Tuesday, February 17, 2015

New York Red Bulls 2015 Season Preview: Does Drama Central Quiet Down?

Whither Dear Henry? Whither belov'd Petke?
What Happened Last Year
It sucks to admit it, but, yes, for the New York Red Bulls, 2014 was the Year of Thierry Henry. Speculation as to whether he would retire after the season was flat-out insane for the second half of it. Henry justified a lot of that hype and hand-wringing by turning in what can only be applauded as pivotal play on the field. From all of that, however, I admired nothing so much as this 37-year-old man's yeoman work in the second leg of their playoff series against the New England Revolution. Even more badass? His short, sharp answer as to whether he would play on New England's turf for that second leg. The man earned his accolades. Red Bull proved to be the big club they strove to be for a couple other reasons last season: Bradley Wright-Phillips near-miss on breaking the single-season scoring record sucked up plenty of ink; in a nice touch for the domestic soccer press, so did the quietly effective midfield pairing of Dax McCarty and Eric Alexander. It was a little tempting to run with that mildly anonymous element, but New York (let's use that name loosely while we still can) still had some bright light, big names last season in Jamison Olave and Tim Cahill. Then again, it speaks to something else that one of these players logged major minutes by year's end, while another did not. Red Bull accomplished what it did in 2014 through a pretty clear-headed brand of pragmatism. And one guy, in particular, had a lot to do with that.
Final Stats: 13-10-11, 50 pts, 4th in the East; 55 gf, 50 ga

What's Happened Since
An end to pragmatism for one. Also, a wholesale discarding of high-profile designated players (DPs). To say Red Bull went through some changes between 2014 and 2015 amounts to dismissing a tornado warning as the thing tears through one's kitchen. The Mike Petke firing was, quite possibly, the biggest shit-storm in MLS history (wait for it...a strike now would top it). That said, the transition to a lighter DP load changes the club quite a bit as well – i.e. lose Henry, Olave, and, his 2014 production notwithstanding, Cahill in a single off-season and your club has some serious work to do. So, what has Red Bull done? Well, their biggest off-season coup has to be signing Sacha Kljestan, for whom, let the record show, I'm more or less a complete whore. This being New York – e.g. Drama Central - the trade that paved the road for Kljestan's arrival rankled a bundle of feathers: Alexander had proved himself (to the notice of too few), but the ensuing, messy parting of Ambroise Oyongo somehow struck deeper at the time. New York picked up Felipe Martins going the other way and, for what it's worth, I like that pick-upgiven Peguy Luyindula's Henry-esque age. They have some depth pick-ups besides – see: Baptiste, Andrew-Jean, the re-signing of Damien Fontane...Perrinelle, and the weird, wily acquisition of Leo Stolz. Say what you will, but this is not a club that does things by half.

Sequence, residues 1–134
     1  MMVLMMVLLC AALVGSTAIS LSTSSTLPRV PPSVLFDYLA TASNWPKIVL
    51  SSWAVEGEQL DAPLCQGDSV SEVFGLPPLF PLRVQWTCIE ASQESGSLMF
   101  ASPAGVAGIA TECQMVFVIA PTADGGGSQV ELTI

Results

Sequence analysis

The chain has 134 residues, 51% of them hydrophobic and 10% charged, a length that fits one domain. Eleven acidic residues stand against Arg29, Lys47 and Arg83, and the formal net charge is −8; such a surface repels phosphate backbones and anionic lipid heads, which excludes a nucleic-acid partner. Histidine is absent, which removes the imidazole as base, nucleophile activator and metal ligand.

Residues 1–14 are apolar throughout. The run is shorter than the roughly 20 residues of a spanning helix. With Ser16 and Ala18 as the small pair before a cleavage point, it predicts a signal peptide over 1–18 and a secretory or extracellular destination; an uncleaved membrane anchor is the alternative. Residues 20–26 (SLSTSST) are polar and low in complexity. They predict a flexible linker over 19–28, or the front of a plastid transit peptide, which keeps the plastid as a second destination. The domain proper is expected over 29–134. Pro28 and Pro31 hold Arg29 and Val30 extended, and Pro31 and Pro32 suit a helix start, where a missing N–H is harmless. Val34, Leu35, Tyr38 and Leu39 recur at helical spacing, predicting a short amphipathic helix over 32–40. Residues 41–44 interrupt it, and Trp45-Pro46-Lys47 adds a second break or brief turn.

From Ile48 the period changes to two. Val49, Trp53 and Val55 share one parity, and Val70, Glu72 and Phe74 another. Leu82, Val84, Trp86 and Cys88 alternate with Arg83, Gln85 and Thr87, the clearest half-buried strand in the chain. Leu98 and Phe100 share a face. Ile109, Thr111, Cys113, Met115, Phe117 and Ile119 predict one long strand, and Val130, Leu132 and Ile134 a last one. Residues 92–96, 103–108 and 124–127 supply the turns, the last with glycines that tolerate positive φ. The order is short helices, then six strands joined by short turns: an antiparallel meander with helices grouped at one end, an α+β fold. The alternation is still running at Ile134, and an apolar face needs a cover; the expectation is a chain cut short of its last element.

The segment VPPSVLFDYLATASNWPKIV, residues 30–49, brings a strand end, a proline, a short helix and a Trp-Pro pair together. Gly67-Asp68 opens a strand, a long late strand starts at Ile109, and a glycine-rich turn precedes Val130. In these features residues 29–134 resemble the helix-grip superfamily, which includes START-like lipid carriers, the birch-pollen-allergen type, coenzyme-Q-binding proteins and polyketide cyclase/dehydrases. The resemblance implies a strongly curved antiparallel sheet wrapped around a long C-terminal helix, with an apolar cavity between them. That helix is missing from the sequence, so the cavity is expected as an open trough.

What to Expect This Year
New York ranked highly as they did on the list of clubs that interest me because, more than most MLS clubs, they can break either way in 2015. Henry is a massive loss, without question, but a player with that level of gravity, no matter how wholly justified, dictates how you play the game. It's possible the Mighty Frenchman's departure frees the club to attack through more channels (though it's not like New York did horribly attacking down Sam's right). Personally, I have high hopes for a...how does this work, getting McCarty, Kljestan and Felipe onto the field all at once? Does this require a 3-5-2 with….surely not Stolz as an anchor d-mid? The point is, New York has a highly intriguing season ahead, even if not for the right reasons. That said, I'm sure of two things: 1) Wright-Phillips will not (by his own admission) push to break the record again; 2) what continuity they have will buy their success in 2015. I can’t believe I got this far into a preview of Red Bull without saying either "Luis" or "Robles," but I rate the shit out of that goalkeeper.

Red Bull has good parts. I even rate most of the new guys. They also have chaos. So, why the hell is Ali Curtis on a one-year contract?

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